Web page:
Cryptomnesia is more likely to occur when the ability to properly monitor sources is impaired. For example, people are more likely to falsely claim ideas as their own when they were under high cognitive load at the time they first considered the idea. Plagiarism increases when people are away from the original source of the idea, and decreases when participants are specifically instructed to pay attention to the origin of their ideas. False claims are also more prevalent for ideas originally suggested by persons of the same sex, presumably because the perceptual similarity of the self to a same-sex person exacerbates source confusion. In other studies it has been found that the timing of the idea is also important: if another person produces an idea immediately before the self produces an idea, the other’s idea is more likely to be claimed as one’s own, ostensibly because the person is too busy preparing for their own turn to properly monitor source information.

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Wild Horses

Herd behavior

Herd behavior describes how individuals in a group can act together without planned direction. The term pertains to the behavior of animals in herds, flocks, and schools, and to human conduct during activities such as stock market bubbles and crashes, street demonstrations, sporting events, religious gatherings, episodes of mob violence and even everyday decision making, judgment and opinion forming.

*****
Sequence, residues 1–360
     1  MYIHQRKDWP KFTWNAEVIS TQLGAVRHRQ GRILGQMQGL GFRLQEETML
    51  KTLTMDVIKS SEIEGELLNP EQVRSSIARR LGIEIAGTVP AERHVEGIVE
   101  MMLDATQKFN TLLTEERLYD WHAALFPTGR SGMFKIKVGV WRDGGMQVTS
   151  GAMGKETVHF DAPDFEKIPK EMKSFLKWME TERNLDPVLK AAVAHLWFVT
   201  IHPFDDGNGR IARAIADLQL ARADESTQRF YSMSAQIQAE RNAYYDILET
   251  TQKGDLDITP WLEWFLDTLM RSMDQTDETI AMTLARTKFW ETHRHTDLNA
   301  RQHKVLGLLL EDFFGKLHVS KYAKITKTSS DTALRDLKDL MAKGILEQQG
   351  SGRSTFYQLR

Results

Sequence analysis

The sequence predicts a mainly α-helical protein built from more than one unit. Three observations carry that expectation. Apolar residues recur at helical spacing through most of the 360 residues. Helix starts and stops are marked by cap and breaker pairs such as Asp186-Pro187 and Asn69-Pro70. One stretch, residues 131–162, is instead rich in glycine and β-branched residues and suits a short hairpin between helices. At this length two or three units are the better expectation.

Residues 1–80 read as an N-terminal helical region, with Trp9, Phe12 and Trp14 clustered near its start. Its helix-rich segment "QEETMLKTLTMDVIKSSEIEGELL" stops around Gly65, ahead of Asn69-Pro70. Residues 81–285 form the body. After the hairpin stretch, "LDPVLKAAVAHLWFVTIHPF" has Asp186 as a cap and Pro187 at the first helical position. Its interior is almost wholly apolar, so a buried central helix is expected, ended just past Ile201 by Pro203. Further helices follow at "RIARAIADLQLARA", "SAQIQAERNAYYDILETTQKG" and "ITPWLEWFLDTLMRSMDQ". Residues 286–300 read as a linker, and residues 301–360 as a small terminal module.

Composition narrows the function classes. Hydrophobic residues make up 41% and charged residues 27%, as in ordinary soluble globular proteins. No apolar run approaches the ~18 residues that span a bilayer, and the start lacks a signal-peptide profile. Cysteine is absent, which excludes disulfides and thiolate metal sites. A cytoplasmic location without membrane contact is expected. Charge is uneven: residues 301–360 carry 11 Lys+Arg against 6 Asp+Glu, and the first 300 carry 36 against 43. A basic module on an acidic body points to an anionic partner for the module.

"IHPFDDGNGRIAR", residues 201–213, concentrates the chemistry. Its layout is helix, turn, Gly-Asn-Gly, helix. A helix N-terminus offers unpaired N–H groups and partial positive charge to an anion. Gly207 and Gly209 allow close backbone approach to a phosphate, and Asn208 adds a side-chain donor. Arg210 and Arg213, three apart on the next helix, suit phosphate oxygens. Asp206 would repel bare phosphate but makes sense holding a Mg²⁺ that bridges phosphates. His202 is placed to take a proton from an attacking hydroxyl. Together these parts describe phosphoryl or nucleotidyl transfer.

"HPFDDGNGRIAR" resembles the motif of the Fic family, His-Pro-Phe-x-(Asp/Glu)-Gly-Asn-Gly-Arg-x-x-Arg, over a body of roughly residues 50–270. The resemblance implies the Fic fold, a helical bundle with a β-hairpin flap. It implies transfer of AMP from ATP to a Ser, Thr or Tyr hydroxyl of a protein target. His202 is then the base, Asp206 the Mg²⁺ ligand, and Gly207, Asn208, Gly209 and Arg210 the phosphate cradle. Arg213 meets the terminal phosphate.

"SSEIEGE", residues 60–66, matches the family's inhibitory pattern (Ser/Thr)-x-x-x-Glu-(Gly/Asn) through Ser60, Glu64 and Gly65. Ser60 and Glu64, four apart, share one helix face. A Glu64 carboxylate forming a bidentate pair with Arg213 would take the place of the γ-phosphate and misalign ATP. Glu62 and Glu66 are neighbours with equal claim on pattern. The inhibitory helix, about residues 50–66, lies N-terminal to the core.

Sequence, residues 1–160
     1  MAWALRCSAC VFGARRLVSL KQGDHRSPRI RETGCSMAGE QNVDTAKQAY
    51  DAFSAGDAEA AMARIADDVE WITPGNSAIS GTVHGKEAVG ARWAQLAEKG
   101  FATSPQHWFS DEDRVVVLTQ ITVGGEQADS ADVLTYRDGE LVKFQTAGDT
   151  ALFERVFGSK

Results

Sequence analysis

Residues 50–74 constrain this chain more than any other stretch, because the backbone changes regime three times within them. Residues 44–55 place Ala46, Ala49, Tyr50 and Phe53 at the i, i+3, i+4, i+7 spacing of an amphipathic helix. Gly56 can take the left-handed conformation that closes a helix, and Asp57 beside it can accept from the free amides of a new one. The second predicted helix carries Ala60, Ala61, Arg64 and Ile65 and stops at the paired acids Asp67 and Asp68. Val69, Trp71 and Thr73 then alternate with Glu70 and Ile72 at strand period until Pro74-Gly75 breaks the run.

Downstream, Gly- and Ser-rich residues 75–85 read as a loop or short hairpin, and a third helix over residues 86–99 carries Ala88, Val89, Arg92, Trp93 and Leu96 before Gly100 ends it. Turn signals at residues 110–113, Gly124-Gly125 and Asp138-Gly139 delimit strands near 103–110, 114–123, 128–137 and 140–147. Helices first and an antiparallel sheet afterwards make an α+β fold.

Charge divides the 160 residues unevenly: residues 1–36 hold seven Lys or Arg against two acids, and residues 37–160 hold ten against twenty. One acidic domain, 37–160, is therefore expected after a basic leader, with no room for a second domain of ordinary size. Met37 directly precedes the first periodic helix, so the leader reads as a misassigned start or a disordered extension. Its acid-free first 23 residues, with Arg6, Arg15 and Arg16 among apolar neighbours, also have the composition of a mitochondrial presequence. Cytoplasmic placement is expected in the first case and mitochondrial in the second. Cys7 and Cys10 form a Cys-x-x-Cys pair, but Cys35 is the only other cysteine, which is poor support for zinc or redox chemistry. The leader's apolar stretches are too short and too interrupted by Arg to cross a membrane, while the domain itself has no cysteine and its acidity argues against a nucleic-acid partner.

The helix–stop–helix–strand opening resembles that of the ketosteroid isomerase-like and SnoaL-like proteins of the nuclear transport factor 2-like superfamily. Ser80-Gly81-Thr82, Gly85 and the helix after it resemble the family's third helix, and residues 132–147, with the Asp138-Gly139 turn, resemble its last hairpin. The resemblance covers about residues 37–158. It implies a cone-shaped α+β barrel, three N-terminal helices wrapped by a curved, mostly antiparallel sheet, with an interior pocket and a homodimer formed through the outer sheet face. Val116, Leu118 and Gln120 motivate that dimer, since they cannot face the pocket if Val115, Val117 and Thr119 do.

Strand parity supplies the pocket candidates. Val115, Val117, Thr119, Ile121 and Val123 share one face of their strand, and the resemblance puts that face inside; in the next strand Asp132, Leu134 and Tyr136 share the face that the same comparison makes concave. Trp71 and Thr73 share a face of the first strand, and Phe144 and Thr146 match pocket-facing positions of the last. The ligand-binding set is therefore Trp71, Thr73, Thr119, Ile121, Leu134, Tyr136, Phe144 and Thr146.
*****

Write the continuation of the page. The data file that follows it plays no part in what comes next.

The German philosopher Friedrich Nietzsche was the first to critique what he referred to as “herd morality” and the “herd instinct” in human society. Modern psychological and economic research has identified herd behavior in humans to explain the phenomena of large numbers of people acting in the same way at the same time. The British surgeon Wilfred Trotter popularized the “herd behavior” phrase in his book, Instincts of the Herd in Peace and War (1914). In The Theory of the Leisure Class, Thorstein Veblen explained economic behavior in terms of social influences such as “emulation,” where some members of a group mimic other members of higher status. In “The Metropolis and Mental Life” (1903), early sociologist George Simmel referred to the “impulse to sociability in man”, and sought to describe “the forms of association by which a mere sum of separate individuals are made into a ‘society’ “. Other social scientists explored behaviors related to herding, such as Freud (crowd psychology), Carl Jung (collective unconscious), and Gustave Le Bon (the popular mind). Swarm theory observed in non-human societies is a related concept and is being explored as it occurs in human society.